What are the results of losing a TTAB trademark opposition?
Say you’ve applied for a trademark and everything goes smoothly as your examining attorney approves the mark. So you wait through 30-day period when your trademark is published for opposition and hope no one challenges your mark. Unfortunately, a third party believes your trademark will cause a likelihood of confusion with its registered mark and, therefore, files a Notice of Opposition with the Trademark Trial and Appeal Board (TTAB).
Now, let’s assume after a hard fought battle that the opposer/registrant wins the opposition and the TTAB determines that a likelihood of confusion exists. Would a TTAB trademark loss have any implications beyond the abandonment of the trademark application? What consequences could the TTAB decision have beyond blocking the registration of your mark?
What is issue preclusion or collateral estoppel?
According to the recent U.S. Supreme Court case of B&B Hardware vs. Hargis Indus. (2015), a final decision by the TTAB on a factual or legal issue that was actually litigated can preclude a later ruling by a federal court on that same issue (i.e., “issue preclusion” or “collateral estoppel” in legalese). In B&B Hardware, the issue at stake was likelihood of confusion and so the TTAB’s final determination that it existed would preclude the parties from re-litigating that same issue later in federal court.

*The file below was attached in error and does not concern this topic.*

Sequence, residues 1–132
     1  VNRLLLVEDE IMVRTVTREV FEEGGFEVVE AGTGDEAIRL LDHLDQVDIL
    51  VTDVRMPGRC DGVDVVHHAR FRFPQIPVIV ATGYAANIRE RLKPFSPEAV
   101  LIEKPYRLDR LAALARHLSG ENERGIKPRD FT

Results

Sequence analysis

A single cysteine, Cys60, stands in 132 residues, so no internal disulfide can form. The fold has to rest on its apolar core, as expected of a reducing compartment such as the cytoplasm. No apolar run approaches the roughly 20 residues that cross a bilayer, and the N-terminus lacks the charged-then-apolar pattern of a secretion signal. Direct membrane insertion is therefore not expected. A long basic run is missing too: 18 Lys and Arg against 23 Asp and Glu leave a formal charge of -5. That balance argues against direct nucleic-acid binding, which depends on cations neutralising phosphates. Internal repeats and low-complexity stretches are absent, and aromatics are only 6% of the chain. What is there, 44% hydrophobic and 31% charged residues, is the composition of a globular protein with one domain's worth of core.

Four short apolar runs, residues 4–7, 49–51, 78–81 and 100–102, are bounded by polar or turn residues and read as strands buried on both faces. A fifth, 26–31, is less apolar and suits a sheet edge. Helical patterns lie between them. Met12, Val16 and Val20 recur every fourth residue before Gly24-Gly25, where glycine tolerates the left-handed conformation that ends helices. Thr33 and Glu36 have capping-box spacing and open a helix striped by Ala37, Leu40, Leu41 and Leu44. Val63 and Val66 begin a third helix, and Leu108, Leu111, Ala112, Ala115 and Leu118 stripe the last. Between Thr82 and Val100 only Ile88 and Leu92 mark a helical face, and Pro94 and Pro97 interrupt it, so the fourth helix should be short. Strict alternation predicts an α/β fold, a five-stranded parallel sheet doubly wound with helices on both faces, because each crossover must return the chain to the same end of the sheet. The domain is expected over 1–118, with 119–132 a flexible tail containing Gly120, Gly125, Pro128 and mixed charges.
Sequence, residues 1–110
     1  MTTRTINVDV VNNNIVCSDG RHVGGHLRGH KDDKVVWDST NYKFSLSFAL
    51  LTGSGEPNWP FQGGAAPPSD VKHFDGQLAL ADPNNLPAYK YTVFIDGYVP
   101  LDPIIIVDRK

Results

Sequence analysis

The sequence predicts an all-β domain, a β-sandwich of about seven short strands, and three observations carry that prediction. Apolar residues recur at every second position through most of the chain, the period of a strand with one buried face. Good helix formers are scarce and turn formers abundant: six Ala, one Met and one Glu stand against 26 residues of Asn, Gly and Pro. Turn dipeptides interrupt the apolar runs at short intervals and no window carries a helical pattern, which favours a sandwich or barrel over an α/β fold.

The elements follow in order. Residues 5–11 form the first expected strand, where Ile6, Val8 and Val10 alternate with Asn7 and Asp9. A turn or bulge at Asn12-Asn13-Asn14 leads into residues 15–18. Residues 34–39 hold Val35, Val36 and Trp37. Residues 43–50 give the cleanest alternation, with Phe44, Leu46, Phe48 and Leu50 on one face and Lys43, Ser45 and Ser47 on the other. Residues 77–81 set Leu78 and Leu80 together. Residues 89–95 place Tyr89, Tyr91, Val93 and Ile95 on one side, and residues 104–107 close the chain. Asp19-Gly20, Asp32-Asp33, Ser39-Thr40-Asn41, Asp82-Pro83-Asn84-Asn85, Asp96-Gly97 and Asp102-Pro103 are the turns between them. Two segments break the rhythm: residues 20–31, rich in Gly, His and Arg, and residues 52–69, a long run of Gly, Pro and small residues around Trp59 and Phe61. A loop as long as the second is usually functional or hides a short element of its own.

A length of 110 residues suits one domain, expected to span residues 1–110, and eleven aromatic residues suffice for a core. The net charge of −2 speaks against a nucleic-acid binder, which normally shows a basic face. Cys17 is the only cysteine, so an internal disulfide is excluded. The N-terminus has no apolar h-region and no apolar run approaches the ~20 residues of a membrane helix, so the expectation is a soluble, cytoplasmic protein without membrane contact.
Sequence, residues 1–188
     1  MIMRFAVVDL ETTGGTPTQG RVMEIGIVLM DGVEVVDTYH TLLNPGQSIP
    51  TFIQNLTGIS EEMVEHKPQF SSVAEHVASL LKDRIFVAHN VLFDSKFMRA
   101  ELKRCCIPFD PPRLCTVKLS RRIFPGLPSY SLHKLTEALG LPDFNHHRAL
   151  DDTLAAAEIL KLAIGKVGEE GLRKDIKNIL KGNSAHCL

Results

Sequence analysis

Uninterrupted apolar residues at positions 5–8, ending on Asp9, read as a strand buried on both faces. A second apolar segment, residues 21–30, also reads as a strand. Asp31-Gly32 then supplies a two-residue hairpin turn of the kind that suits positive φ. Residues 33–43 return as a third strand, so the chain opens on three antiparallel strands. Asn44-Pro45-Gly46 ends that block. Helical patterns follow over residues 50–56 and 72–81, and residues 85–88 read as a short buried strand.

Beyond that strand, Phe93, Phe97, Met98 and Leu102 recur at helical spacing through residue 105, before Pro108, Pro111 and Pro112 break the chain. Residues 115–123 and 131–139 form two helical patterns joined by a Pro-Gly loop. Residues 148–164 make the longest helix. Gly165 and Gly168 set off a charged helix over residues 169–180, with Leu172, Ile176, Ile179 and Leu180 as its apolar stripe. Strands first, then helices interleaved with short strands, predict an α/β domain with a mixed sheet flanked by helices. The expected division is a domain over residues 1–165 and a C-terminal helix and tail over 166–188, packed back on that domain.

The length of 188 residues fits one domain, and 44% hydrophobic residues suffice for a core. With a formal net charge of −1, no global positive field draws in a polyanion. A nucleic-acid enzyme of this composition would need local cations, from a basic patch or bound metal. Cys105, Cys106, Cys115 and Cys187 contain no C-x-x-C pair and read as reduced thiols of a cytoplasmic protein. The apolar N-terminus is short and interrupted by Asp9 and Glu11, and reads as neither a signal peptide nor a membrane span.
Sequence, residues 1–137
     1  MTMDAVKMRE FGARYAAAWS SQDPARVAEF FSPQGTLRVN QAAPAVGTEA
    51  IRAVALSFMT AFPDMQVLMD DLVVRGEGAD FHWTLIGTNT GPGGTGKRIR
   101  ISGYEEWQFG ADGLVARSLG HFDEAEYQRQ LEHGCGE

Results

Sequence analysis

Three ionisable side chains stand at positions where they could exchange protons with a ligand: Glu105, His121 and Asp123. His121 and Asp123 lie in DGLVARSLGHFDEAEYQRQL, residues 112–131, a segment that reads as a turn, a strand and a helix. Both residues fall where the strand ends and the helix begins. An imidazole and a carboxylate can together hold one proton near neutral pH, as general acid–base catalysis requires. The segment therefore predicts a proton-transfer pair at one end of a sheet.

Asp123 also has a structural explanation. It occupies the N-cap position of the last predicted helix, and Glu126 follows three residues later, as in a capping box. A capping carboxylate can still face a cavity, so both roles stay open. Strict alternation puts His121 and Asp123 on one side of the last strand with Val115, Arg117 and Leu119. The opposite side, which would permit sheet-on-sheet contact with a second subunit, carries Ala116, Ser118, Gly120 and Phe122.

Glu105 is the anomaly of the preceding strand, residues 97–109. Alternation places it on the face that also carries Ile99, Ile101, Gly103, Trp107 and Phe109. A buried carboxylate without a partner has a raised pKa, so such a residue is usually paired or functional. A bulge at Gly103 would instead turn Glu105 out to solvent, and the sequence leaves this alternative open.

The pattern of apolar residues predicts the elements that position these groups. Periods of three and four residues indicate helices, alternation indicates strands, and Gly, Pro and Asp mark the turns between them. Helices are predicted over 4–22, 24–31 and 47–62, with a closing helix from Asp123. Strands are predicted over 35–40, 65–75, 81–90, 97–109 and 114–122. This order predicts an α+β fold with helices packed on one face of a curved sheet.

Both applicants and registrants will need to weight the pros and cons of pursuing a TTAB trademark opposition, particularly if the determination of an issue such as confusion could possibly end differently in federal court (analysis focuses on use in the marketplace) versus the TTAB (analysis focuses on the marks themselves including the products identified therein).
Why does estoppel or preclusion matter?
Keep in mind that TTAB oppositions do not deal with the issue of a party’s right to use a trademark. TTAB proceedings deal with only the issue of registration. Trademark owners must sue in court, usually at the federal district court level, to stop another party from using a similar mark and to possibly seek money damages.
A prior victory at the TTAB, therefore, can clear a major hurdle in a subsequent litigation focused on the usage of the mark. The flip side of the coin is that a prior TTAB trademark loss can prevent a party from subsequently seeking a different conclusion in court.